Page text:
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Bare root season has begun

29th Nov 2020

Bare root plants are dug up from the field and supplied without soil or compost around the roots. That's right, there's no pot! They offer a number of advantages over container-grown trees/hedging, which are supplied in the pot they are grown in. For example, they might be cheaper, especially if you are buying in quantity. And they don't take up so much room in transit as there's no bulky pot full of compost. If you're planting a long deciduous hedge, they're a great option.

However, bare root trees and hedging are only available in the dormant season, November-March (or December-March for fruit trees). They can only be safely transplanted, without risk of drying out, once the leaves have fallen and they're not in active growth. And not all types of trees/hedging are available in this form - for example we don't supply evergreens bare rooted.

Do check availability online or by dropping us a line at the nursery. Whips and hedging are available first as they're small plants and the first to fully go into dormancy when temperatures drop. Larger trees are next up, at the end of November or beginning of December, depending on species. For example, the ornamental pear, Pyrus calleryana, doesn't tend to drop its leaves till December is underway. Fruit trees carry on going a little bit longer, so we never supply these until December.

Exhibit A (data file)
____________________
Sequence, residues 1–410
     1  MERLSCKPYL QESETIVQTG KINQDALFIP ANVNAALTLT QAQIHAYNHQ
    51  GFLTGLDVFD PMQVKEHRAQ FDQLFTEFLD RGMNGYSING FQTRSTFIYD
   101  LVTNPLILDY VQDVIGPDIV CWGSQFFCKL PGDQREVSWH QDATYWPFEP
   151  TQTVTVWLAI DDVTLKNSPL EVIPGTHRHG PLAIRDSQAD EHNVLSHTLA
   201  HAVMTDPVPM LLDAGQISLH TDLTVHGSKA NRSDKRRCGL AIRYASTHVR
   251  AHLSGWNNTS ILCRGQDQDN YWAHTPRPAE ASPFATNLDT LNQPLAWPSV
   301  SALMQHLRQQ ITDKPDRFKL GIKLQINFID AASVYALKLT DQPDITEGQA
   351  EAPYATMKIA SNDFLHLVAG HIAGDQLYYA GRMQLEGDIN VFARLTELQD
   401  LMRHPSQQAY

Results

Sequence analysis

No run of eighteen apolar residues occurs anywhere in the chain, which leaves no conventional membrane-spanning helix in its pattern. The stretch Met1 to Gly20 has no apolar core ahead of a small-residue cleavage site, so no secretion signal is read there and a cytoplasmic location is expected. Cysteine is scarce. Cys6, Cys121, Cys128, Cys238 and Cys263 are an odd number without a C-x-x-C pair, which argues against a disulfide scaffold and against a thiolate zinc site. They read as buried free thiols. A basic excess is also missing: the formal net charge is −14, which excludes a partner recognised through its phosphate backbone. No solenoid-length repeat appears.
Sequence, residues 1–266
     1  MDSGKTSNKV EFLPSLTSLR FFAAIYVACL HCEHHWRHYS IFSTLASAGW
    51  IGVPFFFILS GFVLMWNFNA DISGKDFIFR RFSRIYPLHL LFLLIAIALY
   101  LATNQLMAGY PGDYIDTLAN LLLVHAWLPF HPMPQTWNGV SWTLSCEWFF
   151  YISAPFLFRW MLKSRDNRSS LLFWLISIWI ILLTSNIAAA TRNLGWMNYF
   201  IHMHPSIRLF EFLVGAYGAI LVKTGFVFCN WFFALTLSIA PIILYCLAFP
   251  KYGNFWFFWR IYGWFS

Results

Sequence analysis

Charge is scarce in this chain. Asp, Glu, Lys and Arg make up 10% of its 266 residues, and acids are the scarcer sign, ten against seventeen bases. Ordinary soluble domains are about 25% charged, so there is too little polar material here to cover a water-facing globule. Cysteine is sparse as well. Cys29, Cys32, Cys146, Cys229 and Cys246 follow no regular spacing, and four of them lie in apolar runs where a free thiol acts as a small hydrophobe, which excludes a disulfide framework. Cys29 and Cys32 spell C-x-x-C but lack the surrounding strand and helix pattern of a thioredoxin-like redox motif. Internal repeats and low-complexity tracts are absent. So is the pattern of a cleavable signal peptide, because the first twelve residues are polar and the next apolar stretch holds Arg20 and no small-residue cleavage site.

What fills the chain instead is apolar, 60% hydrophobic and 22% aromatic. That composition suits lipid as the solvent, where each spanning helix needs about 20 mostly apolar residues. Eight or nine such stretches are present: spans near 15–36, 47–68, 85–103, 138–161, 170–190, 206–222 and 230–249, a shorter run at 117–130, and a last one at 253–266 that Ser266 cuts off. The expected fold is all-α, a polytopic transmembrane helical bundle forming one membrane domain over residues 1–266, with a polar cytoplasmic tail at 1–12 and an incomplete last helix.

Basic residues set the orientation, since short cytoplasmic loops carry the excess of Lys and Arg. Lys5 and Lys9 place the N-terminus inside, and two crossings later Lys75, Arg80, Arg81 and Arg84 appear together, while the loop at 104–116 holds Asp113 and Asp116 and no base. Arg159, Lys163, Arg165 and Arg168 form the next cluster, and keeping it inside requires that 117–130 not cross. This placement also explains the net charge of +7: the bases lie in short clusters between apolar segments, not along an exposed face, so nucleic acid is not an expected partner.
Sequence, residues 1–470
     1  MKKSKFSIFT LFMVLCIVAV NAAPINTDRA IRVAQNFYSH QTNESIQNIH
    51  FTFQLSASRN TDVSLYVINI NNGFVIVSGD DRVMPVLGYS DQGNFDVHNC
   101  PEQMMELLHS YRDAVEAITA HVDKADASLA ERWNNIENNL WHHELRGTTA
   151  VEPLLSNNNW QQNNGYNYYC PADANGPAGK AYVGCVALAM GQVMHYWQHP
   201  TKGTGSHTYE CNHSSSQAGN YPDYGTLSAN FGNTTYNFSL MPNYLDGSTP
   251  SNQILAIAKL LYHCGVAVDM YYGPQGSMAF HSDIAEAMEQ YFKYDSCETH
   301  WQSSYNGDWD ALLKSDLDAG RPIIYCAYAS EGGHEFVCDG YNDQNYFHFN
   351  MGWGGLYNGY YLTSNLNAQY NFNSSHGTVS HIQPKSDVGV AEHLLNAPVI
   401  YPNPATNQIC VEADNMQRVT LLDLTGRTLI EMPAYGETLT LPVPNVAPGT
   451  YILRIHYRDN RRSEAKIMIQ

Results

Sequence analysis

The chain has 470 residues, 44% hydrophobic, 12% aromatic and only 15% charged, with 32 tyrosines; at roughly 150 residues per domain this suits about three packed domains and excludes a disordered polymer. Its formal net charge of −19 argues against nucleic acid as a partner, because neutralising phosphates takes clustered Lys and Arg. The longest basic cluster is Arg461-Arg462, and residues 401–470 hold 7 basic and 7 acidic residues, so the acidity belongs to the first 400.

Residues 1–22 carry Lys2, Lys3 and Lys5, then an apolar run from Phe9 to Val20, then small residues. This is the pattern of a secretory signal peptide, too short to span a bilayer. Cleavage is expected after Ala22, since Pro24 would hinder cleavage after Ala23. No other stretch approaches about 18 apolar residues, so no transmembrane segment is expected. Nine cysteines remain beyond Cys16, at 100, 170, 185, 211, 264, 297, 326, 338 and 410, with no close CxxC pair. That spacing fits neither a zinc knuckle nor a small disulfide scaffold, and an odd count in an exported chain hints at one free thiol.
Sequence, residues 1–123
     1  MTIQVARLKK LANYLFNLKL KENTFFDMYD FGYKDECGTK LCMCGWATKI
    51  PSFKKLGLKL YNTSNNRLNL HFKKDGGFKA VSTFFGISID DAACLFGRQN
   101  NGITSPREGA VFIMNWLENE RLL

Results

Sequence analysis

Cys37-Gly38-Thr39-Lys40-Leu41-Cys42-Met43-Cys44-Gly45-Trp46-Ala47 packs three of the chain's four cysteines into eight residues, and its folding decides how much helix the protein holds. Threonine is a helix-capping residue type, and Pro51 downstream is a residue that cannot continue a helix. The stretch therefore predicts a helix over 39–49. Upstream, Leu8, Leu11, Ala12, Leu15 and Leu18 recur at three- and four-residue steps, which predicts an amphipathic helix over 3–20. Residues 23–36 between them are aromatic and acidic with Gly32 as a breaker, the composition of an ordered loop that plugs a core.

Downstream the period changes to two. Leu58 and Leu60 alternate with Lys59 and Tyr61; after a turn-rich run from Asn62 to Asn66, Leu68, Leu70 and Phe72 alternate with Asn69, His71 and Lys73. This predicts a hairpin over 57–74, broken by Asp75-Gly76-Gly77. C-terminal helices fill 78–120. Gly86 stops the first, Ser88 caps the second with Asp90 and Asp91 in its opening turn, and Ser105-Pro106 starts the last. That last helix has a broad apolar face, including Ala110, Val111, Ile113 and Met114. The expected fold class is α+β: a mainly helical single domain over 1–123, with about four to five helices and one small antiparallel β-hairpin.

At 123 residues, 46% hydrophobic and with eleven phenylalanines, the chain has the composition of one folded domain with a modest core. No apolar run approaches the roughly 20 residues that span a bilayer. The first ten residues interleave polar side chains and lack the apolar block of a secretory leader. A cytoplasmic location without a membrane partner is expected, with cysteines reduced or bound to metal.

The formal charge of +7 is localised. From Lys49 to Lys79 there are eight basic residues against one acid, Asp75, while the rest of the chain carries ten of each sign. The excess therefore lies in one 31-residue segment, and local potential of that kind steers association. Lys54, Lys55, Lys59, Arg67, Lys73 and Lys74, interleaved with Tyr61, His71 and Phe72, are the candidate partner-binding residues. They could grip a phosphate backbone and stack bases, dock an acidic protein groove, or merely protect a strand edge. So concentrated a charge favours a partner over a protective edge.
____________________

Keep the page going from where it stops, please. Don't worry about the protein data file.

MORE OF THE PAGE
One of the reasons for variation in timing is that the plant has to send energy down into its roots, while cells in the upper parts of the plant fill with a sort of antifreeze to protect it from the coming weather. This takes longer in larger trees than small ones, and there is much variation - both between species and within species - in trees' reaction to changing weather.  

Roots, meanwhile, never really go to sleep. So, if you are collecting from the nursery, please order bare root plants in advance as they are dug up shortly before you come to get them, so the roots don't dry out!

Find out more in our guides:

Bare root or container?

Buying bare root hedging

Collecting your order FAQs

Planting bare root whips

Planting in cold weather


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